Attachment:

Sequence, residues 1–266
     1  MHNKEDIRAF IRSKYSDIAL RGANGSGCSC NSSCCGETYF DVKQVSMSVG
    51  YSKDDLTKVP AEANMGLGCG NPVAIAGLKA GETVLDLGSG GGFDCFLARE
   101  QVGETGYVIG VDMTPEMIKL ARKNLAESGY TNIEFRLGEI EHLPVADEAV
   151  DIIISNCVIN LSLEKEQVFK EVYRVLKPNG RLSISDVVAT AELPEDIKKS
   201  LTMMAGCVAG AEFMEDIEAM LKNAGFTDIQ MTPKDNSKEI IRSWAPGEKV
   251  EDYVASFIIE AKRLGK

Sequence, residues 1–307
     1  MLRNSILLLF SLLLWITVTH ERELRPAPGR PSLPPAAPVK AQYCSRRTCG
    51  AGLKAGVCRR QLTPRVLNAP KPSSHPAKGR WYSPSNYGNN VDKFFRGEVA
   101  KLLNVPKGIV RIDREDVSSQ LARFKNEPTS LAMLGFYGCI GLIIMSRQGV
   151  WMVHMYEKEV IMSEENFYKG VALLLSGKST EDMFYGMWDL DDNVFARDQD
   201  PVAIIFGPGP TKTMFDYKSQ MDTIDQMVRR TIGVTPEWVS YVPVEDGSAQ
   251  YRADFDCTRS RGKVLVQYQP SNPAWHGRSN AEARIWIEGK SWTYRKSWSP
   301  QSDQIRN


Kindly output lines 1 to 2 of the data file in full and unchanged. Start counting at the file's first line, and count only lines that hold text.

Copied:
Sequence, residues 1–266
     1  MHNKEDIRAF IRSKYSDIAL RGANGSGCSC NSSCCGETYF DVKQVSMSVG